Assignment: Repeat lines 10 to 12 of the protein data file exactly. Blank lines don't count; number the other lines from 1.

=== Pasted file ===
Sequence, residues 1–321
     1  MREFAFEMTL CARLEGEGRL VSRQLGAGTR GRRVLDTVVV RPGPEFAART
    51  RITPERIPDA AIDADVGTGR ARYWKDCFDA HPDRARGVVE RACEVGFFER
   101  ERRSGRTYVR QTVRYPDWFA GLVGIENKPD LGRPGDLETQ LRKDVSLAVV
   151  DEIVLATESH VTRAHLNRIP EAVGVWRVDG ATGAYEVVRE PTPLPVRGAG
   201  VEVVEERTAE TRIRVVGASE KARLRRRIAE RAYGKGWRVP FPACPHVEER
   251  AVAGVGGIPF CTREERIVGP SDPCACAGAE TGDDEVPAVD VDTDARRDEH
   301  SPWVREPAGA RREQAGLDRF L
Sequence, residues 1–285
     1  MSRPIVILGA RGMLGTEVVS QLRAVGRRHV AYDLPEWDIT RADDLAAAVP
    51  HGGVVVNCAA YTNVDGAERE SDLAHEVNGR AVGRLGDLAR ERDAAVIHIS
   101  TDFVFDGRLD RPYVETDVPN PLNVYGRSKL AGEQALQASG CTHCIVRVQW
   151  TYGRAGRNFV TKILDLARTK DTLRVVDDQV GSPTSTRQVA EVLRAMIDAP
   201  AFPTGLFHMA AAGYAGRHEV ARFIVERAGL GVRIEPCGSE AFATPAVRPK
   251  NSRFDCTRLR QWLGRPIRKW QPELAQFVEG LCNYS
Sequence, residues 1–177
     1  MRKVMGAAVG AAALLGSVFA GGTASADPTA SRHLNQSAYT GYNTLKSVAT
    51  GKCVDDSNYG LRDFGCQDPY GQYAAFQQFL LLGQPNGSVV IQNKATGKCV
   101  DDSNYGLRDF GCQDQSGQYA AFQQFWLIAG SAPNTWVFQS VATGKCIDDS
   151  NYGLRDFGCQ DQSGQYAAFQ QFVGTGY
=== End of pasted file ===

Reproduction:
     1  MSRPIVILGA RGMLGTEVVS QLRAVGRRHV AYDLPEWDIT RADDLAAAVP
    51  HGGVVVNCAA YTNVDGAERE SDLAHEVNGR AVGRLGDLAR ERDAAVIHIS
   101  TDFVFDGRLD RPYVETDVPN PLNVYGRSKL AGEQALQASG CTHCIVRVQW